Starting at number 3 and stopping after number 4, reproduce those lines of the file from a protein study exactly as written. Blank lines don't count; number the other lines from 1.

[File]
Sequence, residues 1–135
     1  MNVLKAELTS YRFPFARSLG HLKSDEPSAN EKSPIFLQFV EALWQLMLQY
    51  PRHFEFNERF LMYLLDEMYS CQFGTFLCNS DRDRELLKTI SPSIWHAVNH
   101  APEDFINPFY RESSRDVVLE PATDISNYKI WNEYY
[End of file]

    51  PRHFEFNERF LMYLLDEMYS CQFGTFLCNS DRDRELLKTI SPSIWHAVNH
   101  APEDFINPFY RESSRDVVLE PATDISNYKI WNEYY